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Why the 9th Circuit Court Abandoned Professor Michael Bellesiles

Another Reason Why the 9th Circuit Court Abandoned Professor Michael Bellesiles

January 31, 2002

by Michael Pelletier -- The 9th Circuit Court of Appeals recently amended a ruling in the Silveira v. Lockyer gun rights lawsuit -- to delete and replace references to debunked professor Michael Bellesiles. Silveira attorney Gary Gorski's en banc petition for a hearing of his clients' case by the full court was considered a likely spark that caused the amendment.

And there's at least one more brushfire that surely had direct bearing on the turn away from Bellesiles: California attorney Don Kilmer, in the Nordyke v. King gun show ban case that's also now before the Ninth Circuit, filed a request for judicial notice of Bellesiles' academic fraud in the citations of his work in the Silveira case:

Cover Letter to Court Clerk


Background on Nordyke Gun Show Case

You may recall the article published here on KABA in February of 2002, reporting on the California Supreme Court hearing on two cases involving the ban of sale, or the ban of possession of firearms on county property, specifically targeted at making gun shows (usually held on county fairgrounds) impossible. 

Don Kilmer is the attorney representing Russ & Sally Nordyke, the promoters of the T&S Gun Show, in their lawsuit against the Alameda County ordinance banning possession of firearms on county property. 

The ruling was a disappointment. In effect, the California Supreme Court came to the conclusion that since "licensing" and "registration" were the only two areas of firearms regulation specifically preempted by the legislature, that those were the only two areas off-limits to county and city ordinances, thus opening the door to the creation of a crazy-quilt patchwork of gun laws across the state. 

Once the California Supreme Court rendered its decision on the preemption question, the Nordyke v. King case went back to the Ninth Circuit Court for consideration on the First Amendment commercial free speech issues. It is now before another three-judge panel of the Ninth Circuit.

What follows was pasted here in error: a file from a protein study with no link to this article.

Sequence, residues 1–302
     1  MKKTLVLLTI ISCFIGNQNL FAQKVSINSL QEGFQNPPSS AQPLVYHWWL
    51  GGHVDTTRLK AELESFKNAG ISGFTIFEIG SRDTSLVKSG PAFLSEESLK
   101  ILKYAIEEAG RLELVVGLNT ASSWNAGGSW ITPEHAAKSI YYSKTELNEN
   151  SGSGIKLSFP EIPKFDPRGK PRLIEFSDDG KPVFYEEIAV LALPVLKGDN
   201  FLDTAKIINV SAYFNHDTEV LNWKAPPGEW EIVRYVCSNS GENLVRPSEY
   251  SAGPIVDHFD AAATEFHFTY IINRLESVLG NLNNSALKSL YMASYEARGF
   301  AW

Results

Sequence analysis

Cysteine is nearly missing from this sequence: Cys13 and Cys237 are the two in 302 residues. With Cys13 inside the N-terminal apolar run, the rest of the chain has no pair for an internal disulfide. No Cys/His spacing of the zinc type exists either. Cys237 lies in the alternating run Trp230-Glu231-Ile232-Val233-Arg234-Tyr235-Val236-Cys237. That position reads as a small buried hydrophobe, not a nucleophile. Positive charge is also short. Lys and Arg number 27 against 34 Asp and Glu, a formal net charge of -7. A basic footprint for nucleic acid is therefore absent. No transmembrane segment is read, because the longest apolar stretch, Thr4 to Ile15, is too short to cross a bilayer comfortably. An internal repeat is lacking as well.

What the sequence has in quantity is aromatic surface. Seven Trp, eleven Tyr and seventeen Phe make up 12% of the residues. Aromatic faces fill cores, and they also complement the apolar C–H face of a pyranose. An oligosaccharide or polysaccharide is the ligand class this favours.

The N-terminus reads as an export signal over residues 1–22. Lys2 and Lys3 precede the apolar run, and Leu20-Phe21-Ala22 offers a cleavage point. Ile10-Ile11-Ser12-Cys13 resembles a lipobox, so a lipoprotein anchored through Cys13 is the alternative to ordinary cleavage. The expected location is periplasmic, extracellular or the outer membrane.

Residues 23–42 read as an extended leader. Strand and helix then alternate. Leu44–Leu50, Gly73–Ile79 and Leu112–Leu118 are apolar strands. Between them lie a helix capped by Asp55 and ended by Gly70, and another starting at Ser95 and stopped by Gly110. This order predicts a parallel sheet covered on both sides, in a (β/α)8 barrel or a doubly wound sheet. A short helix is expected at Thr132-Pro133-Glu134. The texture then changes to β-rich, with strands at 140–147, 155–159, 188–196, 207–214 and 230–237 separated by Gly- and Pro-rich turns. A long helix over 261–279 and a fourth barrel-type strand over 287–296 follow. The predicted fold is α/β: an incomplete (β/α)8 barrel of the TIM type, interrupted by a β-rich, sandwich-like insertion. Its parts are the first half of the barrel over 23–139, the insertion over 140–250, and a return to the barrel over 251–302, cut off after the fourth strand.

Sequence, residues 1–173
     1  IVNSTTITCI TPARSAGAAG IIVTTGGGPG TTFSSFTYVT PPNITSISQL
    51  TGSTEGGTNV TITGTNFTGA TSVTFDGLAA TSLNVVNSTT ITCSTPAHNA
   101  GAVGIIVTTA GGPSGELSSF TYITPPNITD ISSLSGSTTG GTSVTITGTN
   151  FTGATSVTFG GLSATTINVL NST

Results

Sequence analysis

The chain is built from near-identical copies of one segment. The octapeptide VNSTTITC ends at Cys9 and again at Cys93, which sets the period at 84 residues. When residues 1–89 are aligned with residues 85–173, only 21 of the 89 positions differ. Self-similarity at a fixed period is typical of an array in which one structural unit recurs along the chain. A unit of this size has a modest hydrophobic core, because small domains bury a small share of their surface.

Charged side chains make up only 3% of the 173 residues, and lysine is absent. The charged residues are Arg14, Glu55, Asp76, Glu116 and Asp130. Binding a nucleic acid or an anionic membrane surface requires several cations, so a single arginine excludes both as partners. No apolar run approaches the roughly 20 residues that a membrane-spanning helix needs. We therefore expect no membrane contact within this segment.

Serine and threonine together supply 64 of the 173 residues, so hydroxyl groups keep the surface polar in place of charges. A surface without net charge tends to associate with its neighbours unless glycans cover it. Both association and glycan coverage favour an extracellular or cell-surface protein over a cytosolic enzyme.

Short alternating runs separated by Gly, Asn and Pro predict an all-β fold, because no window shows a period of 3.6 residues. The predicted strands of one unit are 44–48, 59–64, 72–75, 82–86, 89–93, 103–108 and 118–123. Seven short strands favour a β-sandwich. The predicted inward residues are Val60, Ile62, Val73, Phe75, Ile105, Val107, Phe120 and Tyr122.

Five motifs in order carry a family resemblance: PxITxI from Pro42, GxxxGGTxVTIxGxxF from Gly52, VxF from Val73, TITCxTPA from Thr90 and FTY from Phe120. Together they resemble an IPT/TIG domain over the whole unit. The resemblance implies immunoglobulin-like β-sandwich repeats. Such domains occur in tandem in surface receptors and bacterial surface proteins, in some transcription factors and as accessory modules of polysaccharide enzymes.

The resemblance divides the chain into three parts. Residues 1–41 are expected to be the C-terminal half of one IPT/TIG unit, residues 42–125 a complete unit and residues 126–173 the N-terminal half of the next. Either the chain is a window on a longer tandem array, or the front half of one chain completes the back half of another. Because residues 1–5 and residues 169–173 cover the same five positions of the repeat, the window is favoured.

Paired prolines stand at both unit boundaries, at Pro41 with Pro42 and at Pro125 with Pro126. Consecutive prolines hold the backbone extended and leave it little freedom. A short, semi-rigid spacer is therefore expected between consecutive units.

The Second Amendment was not originally at issue in this case, because of the Hickman "collective right" precedent later reiterated in the Silveira decision. 

But one of the keys to successful litigation is the skillful use of motions, and Don Kilmer executed a flawless maneuver to slip the Second Amendment into the case after the fact. 

In light of the Fifth Circuit's individual right decision in the Emerson case, and the adoption of an individual right stance by the Justice Department, Kilmer requested that the court allow supplemental briefing on the subject of the Second Amendment, and his request was granted over the howling protests of the Alameda County attorneys. 

His brief laid out a succinct synopsis of the history of the Second Amendment as an individual right, backed up by a full CD-ROM copy of Stephen Halbrook's book on the subject. He also managed to tie that right to the First Amendment issues in the case, using the example of Charleton Heston's "from my cold dead hands" declaration where the possession of the firearm is central to the message. He also submitted a request for judicial notice of the Emerson case individual right ruling and of the individual right position of the Justice Department. 

Suddenly, the Alameda County attorneys found themselves in a fight they hadn't expected and were utterly unprepared for -- a Second Amendment fight -- thanks to Don Kilmer's legal strategies.

The case is still pending, and the tea leaves look like they may be favorable given the generally conservative makeup of the three-judge panel to which it was assigned. A decision could come very soon. 

Don's work in defending gun shows is just one piece of his tireless work on gun rights in California. He is a past president of the Silicon Valley NRA Members' Council, and is the founder and president of California Citizens for Self-Defense, an organization dedicated to putting the right to keep and bear arms into the California Constitution through the initiative process -- an effort that will get into full swing later this year.